2.4.1 Characteristics of Acquisition
Acquisition programs tend to have numerous, often interrelated, risks. They are not always obvious; relationships may be obscure; and they may exist at all program levels throughout the life of a program. Risks are in the PMO (program plans, etc.); in support provided by other Government agencies; in threat assessment; and in prime contractor processes, engineering and manufacturing processes, and technology. The interrelationship among risk events may cause an increase in one because of the occurrence of another. For example, a slip in schedule for an early test event may adversely impact subsequent tests, assuming a fixed period of test time is available.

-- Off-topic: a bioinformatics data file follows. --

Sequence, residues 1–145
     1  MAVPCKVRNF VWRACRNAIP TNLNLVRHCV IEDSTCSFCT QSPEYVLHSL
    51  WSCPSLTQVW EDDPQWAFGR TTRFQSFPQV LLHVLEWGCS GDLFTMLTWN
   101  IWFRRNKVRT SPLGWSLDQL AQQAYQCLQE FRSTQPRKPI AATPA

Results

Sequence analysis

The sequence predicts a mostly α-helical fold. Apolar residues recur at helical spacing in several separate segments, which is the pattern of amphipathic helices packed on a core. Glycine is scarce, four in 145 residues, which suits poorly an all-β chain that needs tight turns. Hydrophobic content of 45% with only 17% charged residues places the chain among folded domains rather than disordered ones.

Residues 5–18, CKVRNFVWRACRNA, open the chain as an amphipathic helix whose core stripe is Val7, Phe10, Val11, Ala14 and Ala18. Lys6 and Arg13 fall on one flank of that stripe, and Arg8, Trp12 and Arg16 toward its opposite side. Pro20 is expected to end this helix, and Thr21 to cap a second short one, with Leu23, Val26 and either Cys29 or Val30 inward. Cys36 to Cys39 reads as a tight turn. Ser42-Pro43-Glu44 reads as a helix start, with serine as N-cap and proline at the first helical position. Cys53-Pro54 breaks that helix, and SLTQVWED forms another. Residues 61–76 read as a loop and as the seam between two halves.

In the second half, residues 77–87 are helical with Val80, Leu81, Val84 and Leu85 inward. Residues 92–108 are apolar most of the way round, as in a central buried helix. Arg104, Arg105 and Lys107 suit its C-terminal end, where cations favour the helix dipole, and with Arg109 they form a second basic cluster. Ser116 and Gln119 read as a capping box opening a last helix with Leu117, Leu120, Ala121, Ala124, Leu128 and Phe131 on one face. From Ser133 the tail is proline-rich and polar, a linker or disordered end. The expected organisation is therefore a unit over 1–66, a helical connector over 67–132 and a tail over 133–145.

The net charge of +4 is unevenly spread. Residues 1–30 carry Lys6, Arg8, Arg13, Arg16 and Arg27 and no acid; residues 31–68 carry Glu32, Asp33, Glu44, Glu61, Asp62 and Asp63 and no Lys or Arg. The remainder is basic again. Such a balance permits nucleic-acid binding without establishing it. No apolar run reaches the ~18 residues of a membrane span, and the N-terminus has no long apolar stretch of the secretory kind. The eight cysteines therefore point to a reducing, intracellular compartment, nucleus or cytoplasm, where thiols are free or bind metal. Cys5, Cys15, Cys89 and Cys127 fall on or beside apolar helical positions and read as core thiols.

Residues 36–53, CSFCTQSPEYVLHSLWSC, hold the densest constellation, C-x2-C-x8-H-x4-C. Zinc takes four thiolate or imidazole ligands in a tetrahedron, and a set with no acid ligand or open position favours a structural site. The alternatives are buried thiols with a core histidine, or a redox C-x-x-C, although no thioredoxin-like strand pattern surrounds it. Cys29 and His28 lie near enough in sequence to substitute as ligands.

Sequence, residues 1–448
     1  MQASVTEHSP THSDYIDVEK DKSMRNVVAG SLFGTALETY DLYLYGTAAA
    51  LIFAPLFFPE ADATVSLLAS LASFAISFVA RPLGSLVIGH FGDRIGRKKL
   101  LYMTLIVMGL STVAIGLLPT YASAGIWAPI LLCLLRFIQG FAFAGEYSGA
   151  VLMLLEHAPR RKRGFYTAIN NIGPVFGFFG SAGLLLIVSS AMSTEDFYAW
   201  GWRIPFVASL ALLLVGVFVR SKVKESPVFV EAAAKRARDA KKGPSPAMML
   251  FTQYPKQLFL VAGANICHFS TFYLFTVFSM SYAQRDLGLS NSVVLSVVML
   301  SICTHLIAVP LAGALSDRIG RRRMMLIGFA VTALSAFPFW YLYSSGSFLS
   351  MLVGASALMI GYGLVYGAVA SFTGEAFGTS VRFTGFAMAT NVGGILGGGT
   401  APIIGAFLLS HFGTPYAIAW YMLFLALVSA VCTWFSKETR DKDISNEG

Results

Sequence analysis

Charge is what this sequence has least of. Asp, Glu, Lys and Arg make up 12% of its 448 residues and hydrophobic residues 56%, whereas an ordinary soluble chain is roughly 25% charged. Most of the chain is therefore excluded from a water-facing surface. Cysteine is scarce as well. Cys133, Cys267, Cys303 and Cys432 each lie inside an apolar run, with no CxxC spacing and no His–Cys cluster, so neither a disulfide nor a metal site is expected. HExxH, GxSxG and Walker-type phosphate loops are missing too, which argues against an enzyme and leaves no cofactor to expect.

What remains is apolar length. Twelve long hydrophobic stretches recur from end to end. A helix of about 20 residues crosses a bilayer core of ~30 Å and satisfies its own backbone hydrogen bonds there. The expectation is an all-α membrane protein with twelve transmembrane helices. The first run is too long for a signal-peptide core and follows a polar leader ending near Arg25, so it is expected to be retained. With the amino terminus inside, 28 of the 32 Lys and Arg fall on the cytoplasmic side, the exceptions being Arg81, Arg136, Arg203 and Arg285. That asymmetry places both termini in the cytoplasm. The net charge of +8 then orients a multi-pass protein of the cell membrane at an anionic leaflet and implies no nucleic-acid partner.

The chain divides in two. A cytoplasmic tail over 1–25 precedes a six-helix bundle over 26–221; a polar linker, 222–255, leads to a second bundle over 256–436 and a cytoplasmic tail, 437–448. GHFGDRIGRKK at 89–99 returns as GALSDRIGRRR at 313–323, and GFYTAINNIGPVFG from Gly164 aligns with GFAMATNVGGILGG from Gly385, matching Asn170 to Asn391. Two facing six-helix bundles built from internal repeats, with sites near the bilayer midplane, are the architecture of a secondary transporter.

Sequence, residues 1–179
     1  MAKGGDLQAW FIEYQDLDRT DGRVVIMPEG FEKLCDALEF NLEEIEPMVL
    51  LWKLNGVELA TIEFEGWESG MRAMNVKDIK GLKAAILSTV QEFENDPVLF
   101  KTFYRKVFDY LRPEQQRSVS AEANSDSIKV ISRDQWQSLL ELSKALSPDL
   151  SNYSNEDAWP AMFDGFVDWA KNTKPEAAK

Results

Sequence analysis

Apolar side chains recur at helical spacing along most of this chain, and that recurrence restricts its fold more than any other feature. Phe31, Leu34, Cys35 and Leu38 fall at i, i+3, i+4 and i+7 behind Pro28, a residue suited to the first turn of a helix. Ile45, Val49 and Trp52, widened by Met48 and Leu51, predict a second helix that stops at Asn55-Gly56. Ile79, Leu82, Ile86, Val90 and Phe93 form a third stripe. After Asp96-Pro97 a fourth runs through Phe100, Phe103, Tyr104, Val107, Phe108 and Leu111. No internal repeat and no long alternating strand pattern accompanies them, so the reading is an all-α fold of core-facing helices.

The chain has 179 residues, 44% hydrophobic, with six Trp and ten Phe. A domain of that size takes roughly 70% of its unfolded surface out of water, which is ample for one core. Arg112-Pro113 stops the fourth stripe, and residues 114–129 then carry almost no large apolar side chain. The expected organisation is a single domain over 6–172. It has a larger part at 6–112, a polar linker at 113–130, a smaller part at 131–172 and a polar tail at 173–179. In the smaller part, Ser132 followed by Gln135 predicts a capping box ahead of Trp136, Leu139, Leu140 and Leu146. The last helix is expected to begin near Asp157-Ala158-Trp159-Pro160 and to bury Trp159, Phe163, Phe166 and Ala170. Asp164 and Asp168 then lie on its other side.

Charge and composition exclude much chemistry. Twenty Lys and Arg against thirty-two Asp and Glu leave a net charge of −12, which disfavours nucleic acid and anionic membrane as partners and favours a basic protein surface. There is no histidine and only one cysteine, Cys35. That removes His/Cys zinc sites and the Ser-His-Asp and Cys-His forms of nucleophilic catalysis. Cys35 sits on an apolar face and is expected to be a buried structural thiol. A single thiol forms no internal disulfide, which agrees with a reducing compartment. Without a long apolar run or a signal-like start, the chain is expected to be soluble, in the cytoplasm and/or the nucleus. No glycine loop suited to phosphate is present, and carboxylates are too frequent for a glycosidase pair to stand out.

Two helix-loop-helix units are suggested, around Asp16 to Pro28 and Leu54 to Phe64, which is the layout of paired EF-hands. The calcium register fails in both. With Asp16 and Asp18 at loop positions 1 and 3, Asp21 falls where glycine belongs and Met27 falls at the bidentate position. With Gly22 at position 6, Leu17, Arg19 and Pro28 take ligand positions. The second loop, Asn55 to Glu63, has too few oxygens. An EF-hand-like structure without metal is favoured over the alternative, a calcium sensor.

Another important risk characteristic is the time period before a risk future event occurs; because time is critical in determining risk-handling options. If an event is imminent, the PMO must resort to crisis management. An event that is far enough in the future to allow management actions may be controllable. The goal is to avoid the need to revert to crisis management and problem solving by managing risk up front.
An event's probability of occurrence and
consequences/impacts may change as the development process proceeds and
information becomes available. Therefore, throughout the development phase,
PMOs should reevaluate known risks on a periodic basis and examine the program
for new risks.